Study: Jamaican kids ripe recruits for extremists
Janet Silvera, Senior Gleaner Writer
The vulnerabilities of Jamaican children make them easy pickings for exploitation by extremists, similar to the radicalism found in the Arab world, a study by university lecturer Dr Claudette Crawford-Brown has revealed.
Crawford-Brown's claim comes with the recognition that many of the island's children, some as young as four, are being trained by gunmen to carry out crime.
"They are watching drug shipments go off, they are watching criminal activities that are inappropriate for their age. This provides a breeding ground for later criminal activities," said Crawford-Brown, a Fulbright research scholar and lecturer/coordinator of the Violence Prevention Programme at the University of the West Indies, Mona.
She said that by age 10, many vulnerable children are fully entrenched in crime. The situation is exacerbated by a weakening of the values structure within families, other support systems, the Church and positive role models.
Findings conducted over a three-year period within the 15-year study suggest there are a number of variables which predispose children to criminal activity. These variables include absence of fathers, lack of contact with fathers, absence of mothers, lack of contact with mothers and a strong relationship with negative role models.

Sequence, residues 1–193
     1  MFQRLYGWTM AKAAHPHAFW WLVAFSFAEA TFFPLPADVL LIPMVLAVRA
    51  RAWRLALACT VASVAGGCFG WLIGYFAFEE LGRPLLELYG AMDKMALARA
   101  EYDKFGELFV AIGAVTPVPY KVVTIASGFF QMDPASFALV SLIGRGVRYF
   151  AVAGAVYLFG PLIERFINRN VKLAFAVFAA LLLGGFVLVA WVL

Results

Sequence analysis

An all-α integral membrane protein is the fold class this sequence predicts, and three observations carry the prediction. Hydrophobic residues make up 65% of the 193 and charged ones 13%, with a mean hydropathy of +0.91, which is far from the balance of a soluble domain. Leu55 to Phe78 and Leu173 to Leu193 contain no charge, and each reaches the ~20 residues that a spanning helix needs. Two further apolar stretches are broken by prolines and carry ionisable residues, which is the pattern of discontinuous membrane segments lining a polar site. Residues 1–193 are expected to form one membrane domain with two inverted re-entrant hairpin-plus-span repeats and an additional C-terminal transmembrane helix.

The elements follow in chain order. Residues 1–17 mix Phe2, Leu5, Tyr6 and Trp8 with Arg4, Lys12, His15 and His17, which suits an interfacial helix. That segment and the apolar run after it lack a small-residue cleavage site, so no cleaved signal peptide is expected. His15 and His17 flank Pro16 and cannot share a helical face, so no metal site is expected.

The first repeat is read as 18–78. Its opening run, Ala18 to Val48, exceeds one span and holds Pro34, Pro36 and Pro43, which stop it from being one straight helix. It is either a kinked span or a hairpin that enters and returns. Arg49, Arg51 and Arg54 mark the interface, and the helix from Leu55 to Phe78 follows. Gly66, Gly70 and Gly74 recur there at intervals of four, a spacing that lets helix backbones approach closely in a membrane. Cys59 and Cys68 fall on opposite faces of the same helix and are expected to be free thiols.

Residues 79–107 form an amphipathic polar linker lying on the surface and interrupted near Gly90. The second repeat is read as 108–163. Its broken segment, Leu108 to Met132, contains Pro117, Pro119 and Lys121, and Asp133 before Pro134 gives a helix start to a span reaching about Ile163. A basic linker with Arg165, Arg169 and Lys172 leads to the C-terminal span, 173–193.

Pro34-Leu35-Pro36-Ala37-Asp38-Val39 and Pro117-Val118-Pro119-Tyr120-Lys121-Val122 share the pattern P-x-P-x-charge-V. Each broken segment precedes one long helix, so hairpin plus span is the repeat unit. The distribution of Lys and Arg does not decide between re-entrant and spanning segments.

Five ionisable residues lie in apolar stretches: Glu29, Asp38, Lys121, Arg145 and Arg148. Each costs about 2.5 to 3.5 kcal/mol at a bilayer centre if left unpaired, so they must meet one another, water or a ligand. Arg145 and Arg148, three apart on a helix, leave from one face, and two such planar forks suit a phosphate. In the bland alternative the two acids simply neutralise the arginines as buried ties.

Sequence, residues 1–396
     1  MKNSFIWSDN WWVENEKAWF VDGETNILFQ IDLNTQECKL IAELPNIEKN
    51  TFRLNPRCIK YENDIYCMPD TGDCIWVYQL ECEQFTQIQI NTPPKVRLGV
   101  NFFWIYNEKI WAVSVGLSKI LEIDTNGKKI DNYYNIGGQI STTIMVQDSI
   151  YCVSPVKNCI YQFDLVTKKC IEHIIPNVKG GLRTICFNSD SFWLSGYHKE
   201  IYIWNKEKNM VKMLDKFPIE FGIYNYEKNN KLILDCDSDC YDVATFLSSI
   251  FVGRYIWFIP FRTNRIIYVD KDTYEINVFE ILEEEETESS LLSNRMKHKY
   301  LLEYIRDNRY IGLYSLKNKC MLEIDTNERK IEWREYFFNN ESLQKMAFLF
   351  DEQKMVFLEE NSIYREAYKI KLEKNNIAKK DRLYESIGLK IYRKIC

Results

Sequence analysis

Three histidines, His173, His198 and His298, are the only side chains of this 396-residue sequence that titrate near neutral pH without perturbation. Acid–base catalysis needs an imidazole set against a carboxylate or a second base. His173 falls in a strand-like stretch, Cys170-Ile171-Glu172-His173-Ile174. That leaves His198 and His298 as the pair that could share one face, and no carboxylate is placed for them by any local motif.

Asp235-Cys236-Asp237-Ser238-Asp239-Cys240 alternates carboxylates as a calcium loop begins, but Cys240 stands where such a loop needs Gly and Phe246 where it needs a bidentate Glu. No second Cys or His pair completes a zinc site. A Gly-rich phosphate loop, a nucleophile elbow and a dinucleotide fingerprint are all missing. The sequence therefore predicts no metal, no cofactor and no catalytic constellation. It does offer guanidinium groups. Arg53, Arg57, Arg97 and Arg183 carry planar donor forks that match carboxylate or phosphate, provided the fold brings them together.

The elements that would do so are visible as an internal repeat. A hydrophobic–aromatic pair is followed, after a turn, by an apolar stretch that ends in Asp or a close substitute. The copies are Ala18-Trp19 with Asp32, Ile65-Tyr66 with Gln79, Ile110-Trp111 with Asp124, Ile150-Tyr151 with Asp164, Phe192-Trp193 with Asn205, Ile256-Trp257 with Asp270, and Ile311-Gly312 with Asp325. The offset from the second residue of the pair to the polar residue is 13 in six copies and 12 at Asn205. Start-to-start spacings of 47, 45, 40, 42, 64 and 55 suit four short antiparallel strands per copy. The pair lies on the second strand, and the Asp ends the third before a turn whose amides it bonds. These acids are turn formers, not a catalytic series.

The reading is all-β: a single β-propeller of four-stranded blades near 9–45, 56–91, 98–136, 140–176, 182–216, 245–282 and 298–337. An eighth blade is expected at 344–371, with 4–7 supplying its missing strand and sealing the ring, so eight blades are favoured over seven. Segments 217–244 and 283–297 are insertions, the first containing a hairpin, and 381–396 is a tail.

Some of the families studied showed that the traditional family structure was being replaced by "criminalised families".
Crawford-Brown was addressing a group of concerned citizens at UWI's Western Jamaica campus in Montego Bay, St James, on the weekend.
"We are having a parenting crisis. What we have are vulnerable children, some of whom are having friends who are as old as 20-25 years. It is possible that this could become criminal extremist," said the university lecturer.
"The same way we inoculate the children from diseases is the same way we will have to inoculate them from crime," she added.
According to the researcher, unlike criminal patterns elsewhere, many of the perpetrators in Jamaica are children and youths. In 2009 alone, 825 youths aged 12-20 were arrested for major crimes. In the 12-15 age category, 46 persons were held for rape, carnal abuse and murder.
"A large amount of the intervention must be focused on the aged eight to 11 boys and the younger adolescents, as there is a gap in the social-service delivery system for these age groups," she said.